Book: Thomas Meehan
Music: Charles Strouse
Lyrics: Martin Charnin
Director: Nikolai Foster
Reviewer: Molly Knox
Annie at the King’s Theatre presents a dynamic, sharp and vibrant production of a beloved story of a plucky orphan’s resolve and hope in finding her parents, in the face of greed, spite and bitterness. Director Nikolai Foster’s vision of the show is a similar one to many other interpretations of this musical originally performed in 1977 on Broadway; however, this isn’t to say that this production lacks any sense of creative new spirit or charismatic heart, much to the contrary.
Throughout Annie, diverse and electric choreography takes the audience on an emotive journey, telling the story of an optimistic 11 year old living in the formidable Miss Hannigan’s orphanage amid the Great Depression, searching naively for her parents. After Annie receives a remarkable opportunity to stay with billionaire Oliver Warbucks for Christmas, she’s met with Miss Hannigan’s plots to squash her chances at a life she’d dreamt about. Alongside this, marvellously executed movement captivates the audience from start to finish, when the overall story may – on the surface – seem to lack depth.
Entering the theatre it’s impossible not to feel instantly intrigued by the oppressive yet playful set designed excellently by Colin Richmond, and transported into a 1930s New York orphanage. Industrial, threadbare and chaotic elements of Miss Hannigan’s cheerless orphanage juxtapose colourful, jagged jigsaw pieces jutting out at each side of the stage and toys hanging from the lampshades adding to the childishness of Annie’s fellow orphans, as well as the draconian sharp-edged regime of Miss Hannigan, played by Anita Dobson. The giant jigsaw not only reflects the mammoth task of building the ideal life, but is also a great way of communicating the overwhelming clutter of the Big Apple for not only a child, but those suffering during this tough period in history for the US, through the New York map sprawled across it to the bright lights they embellish throughout. Sound designer Richard Brooker’s radio broadcastings of cheesy, in-your-face American advertising and presidential speeches provide a sense of comfort and friendship, but also seem unsettling to the audience immediately and set the tone for the rest of the performance.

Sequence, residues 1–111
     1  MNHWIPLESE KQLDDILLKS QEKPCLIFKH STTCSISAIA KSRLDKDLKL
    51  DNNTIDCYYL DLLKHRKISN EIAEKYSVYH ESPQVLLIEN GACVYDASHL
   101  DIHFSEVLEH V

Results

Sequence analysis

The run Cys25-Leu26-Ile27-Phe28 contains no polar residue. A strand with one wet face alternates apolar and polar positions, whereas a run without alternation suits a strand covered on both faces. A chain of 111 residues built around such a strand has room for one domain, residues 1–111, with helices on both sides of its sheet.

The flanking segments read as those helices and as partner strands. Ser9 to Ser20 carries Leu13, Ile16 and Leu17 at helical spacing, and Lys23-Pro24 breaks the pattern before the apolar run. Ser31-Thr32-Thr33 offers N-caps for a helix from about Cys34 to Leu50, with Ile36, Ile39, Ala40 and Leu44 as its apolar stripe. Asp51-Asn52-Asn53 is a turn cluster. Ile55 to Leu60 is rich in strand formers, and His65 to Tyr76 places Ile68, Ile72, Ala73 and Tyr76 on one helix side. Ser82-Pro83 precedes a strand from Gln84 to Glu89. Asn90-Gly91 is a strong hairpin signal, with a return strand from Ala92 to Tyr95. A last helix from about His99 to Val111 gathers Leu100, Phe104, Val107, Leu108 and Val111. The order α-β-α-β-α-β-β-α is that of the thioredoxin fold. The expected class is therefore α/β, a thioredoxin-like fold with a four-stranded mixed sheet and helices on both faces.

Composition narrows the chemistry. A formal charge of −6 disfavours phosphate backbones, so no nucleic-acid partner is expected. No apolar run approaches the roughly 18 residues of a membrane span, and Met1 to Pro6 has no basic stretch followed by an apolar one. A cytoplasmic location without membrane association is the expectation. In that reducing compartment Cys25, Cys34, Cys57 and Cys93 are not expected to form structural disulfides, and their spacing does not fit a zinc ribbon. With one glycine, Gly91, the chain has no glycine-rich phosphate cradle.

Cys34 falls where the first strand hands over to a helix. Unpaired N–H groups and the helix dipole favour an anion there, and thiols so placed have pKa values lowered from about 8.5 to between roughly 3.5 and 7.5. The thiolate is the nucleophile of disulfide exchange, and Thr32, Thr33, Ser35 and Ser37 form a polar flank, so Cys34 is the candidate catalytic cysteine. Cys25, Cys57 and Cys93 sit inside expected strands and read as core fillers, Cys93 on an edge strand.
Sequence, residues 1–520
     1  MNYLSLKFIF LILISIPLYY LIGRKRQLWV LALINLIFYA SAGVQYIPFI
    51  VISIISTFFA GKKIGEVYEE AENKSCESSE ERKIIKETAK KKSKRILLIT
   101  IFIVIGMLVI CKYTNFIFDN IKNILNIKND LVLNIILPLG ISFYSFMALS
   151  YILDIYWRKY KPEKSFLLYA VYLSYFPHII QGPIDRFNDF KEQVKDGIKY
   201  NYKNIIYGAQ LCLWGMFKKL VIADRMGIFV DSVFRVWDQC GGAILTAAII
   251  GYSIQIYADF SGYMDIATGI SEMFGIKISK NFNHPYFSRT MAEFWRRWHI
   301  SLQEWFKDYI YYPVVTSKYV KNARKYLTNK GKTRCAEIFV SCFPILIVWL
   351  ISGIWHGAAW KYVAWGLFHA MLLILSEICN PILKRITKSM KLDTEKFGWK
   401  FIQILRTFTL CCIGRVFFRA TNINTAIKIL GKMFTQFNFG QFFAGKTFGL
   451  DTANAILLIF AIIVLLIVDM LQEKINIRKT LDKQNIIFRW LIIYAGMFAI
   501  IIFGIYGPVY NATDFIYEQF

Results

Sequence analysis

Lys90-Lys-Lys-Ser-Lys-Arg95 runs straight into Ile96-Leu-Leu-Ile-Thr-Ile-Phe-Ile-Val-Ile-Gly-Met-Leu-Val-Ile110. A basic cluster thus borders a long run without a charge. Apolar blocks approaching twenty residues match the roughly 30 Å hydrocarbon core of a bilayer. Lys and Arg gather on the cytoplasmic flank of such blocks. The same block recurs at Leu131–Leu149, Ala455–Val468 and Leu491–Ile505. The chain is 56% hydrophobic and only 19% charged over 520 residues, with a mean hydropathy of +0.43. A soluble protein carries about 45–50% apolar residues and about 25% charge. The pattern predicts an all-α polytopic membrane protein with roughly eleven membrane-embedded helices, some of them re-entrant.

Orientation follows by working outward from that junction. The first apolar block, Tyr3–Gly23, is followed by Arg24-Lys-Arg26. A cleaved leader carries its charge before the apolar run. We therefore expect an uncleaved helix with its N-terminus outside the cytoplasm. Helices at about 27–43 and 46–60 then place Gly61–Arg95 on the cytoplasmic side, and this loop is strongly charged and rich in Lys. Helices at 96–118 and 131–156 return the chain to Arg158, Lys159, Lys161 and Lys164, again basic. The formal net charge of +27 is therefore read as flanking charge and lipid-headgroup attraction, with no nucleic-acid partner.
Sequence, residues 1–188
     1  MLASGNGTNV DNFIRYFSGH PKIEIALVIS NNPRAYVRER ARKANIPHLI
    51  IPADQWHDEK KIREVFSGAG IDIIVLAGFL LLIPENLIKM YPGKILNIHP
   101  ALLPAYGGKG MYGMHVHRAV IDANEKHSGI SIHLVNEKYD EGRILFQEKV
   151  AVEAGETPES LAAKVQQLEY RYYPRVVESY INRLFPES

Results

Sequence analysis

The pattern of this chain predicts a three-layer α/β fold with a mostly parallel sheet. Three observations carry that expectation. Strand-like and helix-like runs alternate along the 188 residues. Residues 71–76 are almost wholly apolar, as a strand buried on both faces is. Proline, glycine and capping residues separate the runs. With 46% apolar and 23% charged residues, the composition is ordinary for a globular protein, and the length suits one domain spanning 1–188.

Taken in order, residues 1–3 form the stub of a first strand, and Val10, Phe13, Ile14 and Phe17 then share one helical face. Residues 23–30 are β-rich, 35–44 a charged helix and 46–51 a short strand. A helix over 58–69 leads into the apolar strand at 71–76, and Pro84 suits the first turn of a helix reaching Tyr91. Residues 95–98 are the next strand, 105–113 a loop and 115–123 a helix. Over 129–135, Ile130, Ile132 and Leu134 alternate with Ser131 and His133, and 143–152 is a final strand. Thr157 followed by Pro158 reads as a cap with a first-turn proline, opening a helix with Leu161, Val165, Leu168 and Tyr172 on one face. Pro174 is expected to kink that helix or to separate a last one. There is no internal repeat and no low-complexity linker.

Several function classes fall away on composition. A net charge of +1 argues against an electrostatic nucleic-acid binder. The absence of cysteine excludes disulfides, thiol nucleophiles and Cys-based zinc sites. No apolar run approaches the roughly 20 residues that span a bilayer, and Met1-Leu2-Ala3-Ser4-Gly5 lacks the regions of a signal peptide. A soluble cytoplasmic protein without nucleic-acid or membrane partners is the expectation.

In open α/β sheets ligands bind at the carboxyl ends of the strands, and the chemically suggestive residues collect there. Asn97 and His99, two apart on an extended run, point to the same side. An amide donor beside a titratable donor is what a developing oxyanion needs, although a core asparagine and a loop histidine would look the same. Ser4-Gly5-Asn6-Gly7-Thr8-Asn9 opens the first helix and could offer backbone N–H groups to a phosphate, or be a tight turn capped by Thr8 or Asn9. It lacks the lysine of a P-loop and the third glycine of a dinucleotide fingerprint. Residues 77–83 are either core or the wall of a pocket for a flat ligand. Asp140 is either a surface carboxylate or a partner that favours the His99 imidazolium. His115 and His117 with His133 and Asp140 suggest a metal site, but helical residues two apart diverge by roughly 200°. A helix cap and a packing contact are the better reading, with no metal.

This heart-warming story of good overcoming evil is accompanied by a beautifully enigmatic score which switches smoothly from evoking nostalgia and hope, to making the audience laugh, to making everyone want to hiss and boo. It’s also clear throughout the duration of the show that every single cast member has vocal talent, and puts passion into every note that is sung. Moreover, there has to be particular praise sung to the grit, attitude, energy and chemistry all the younger actors display on stage, as well as the tongue-in-cheek role that the orphans play in a comedic social commentary on themes like ostracization and poverty without losing the charm of a Broadway musical.
Despite the potential criticism that the overall show lacks that tiny bit of magic and innovation due to the replication of characterisation and some stylistic choices (which is to be expected of such an iconic and widely known musical) , there are certainly powerful and enthralling performances all packed in; Hard Knock Life, Little Girls, Easy Street and Hooverville are particularly delightful to immerse yourself in, from the choreography, to the fabulous stage and costume design, to the brilliant chemistry, skill and dazzle of the actors.
Overall, Annie is a show that isn’t only uplifting, but also packs a punch in terms of dealing with heavy social and historical issues, while remaining a light-hearted experience jam-packed full of compelling musical and theatrical talent that will leave most wanting to see it again Tomorrow.
Runs until 20 April 2019 | Image: Paul Coltas